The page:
The Primrose Hotel doesn’t really have regulars. When I waited tables at the Grub N’ Grab, we had at least ten people who would eat there each day, or each week, or on some schedule you could depend on. But that doesn’t happen at the Primrose.
First of all, it’s probably the location. We aren’t near the main drag or the business district of the city center. We aren’t even in the countryside or near a highway. We’re tucked away on the edge of an abandoned old downtown that has become a tent city for most of the homeless in the area.
We’re a big, old, dingy place built in the early twentieth century and haven’t renovated since the 1960s. It’s all art deco and grand staircases with crystal chandeliers, but it smells like my aunt’s basement and the wallpaper is peeling in spots. And it’s pink. Like really pink. All shades of pink all over the place. It isn’t called the Primrose for nothing.
My biggest gripe with the job isn’t that it’s hard work. I’ve been scrubbing, slinging, digging, and sweating my entire thirty five years of life. I hate that every day here is the same. I clock in at the same time on the same days, and I clean the same rooms in the same ways. I’m one of ten maids on staff, and I’m in charge of the top floor. The one with the Presidential Suit.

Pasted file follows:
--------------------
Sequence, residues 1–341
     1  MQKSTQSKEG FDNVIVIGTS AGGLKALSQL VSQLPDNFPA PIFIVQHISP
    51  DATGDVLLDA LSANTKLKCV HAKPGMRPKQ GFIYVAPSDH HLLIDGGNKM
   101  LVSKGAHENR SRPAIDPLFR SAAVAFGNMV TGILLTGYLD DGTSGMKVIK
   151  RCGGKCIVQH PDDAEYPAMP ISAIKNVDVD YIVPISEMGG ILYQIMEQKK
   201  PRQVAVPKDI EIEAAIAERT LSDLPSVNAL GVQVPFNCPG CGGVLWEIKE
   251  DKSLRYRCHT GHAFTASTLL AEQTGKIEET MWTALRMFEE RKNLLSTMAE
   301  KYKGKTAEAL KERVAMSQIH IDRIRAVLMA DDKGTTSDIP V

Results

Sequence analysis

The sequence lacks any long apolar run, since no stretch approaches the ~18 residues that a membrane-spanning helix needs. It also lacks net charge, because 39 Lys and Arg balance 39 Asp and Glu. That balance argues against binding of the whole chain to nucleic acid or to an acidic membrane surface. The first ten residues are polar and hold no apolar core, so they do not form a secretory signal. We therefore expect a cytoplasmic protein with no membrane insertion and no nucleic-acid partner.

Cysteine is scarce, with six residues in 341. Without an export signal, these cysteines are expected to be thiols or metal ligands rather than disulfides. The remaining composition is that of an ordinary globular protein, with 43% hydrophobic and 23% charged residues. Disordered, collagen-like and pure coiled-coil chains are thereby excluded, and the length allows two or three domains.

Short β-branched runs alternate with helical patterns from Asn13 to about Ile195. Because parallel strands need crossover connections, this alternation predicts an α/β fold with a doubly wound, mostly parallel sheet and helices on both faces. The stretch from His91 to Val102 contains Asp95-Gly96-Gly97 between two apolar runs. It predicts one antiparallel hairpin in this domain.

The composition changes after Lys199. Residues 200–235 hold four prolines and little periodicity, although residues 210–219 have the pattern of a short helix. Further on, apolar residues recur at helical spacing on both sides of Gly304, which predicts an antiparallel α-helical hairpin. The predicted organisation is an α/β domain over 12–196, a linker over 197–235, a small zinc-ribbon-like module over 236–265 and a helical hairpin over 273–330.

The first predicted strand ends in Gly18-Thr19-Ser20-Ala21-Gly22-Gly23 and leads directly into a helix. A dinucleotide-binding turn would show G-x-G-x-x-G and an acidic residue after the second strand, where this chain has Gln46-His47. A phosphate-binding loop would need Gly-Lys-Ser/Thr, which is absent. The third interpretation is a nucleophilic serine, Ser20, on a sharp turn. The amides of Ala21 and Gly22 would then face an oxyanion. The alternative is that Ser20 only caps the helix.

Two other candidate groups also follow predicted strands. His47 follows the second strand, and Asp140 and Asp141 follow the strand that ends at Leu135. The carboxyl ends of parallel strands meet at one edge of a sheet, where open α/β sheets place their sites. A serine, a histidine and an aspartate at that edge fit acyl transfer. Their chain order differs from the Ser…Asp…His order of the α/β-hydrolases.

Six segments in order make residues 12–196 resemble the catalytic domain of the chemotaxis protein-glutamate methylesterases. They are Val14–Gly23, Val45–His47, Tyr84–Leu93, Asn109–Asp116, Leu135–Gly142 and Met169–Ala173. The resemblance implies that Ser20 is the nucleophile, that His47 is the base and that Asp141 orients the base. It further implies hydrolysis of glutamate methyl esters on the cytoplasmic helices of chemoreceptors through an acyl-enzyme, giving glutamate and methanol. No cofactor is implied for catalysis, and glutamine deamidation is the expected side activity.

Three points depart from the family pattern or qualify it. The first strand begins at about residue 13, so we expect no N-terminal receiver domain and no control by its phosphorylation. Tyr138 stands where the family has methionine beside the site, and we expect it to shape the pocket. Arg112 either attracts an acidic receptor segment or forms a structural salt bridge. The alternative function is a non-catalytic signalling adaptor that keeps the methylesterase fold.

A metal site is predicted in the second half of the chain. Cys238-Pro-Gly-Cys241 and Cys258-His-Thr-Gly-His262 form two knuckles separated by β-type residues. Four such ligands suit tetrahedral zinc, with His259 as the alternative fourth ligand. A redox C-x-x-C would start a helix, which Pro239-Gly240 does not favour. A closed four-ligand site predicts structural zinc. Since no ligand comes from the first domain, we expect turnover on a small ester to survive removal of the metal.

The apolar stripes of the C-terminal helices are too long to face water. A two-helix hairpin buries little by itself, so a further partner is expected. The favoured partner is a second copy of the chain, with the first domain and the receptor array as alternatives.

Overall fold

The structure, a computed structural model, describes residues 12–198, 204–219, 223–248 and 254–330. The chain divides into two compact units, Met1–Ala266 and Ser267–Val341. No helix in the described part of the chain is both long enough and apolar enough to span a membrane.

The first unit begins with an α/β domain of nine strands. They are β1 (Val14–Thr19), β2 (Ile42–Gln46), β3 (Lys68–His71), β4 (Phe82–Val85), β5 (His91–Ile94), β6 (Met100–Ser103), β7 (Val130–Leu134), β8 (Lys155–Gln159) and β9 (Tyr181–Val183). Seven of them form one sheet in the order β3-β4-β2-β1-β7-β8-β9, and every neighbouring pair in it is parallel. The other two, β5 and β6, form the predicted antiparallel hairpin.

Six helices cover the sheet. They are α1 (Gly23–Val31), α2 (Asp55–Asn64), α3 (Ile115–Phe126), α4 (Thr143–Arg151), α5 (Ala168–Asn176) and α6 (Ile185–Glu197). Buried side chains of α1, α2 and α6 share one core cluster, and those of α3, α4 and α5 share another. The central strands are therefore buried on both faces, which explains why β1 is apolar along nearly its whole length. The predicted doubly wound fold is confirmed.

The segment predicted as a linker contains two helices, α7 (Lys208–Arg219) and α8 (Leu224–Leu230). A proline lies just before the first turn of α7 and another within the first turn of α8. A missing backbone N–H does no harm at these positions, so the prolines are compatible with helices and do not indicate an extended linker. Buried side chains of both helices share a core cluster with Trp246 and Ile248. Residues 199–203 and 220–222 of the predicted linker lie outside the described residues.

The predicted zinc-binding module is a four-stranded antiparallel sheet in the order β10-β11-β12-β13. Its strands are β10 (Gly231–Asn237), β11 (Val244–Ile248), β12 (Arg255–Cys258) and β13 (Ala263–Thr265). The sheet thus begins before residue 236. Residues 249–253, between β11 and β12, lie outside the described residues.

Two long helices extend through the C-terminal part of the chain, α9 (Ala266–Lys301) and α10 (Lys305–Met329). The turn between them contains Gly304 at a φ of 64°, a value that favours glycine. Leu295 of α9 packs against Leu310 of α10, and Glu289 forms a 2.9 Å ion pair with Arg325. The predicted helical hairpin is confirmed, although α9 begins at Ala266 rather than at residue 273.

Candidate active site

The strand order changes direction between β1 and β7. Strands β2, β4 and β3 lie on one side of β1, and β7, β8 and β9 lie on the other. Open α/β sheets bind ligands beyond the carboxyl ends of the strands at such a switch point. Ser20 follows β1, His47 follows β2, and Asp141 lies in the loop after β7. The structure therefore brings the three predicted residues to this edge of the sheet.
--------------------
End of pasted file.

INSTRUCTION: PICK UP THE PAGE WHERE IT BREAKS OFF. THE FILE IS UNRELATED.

No one ever stays in our Presidential Suit because no one is willing to pay more than a hundred dollars a night to stay here. This means that after I do my typical deep clean of the used guest rooms and my dusting and vacuuming of the unused rooms, I get to hang out in the suit by myself for a while. This is the best part of my day. I pretend like I’m scrubbing and shining every square inch of it when really I’m watching tv or taking a dip in the huge spa tub with real working jets. I turn music up really loud so everyone thinks I’m busy and lock the doors for a couple hours of uninterrupted relaxation.
I can get away with this because, like I said, no one ever, and I mean ever, books the Presidential Suit.
It’s a normal Wednesday afternoon when I finish cleaning my last room and head toward the suit for my ritual bath and TV siesta. As I place the key in the lock, Gena, who works at our front desk, sends me a text. “Guest coming up to the prez suit now FYI.”